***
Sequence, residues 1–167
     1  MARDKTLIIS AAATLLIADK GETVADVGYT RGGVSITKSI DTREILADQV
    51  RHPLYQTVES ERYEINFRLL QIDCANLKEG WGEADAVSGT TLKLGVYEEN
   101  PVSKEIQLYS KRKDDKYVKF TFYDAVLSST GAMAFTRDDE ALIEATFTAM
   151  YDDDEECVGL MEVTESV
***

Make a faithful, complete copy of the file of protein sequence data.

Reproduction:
Sequence, residues 1–167
     1  MARDKTLIIS AAATLLIADK GETVADVGYT RGGVSITKSI DTREILADQV
    51  RHPLYQTVES ERYEINFRLL QIDCANLKEG WGEADAVSGT TLKLGVYEEN
   101  PVSKEIQLYS KRKDDKYVKF TFYDAVLSST GAMAFTRDDE ALIEATFTAM
   151  YDDDEECVGL MEVTESV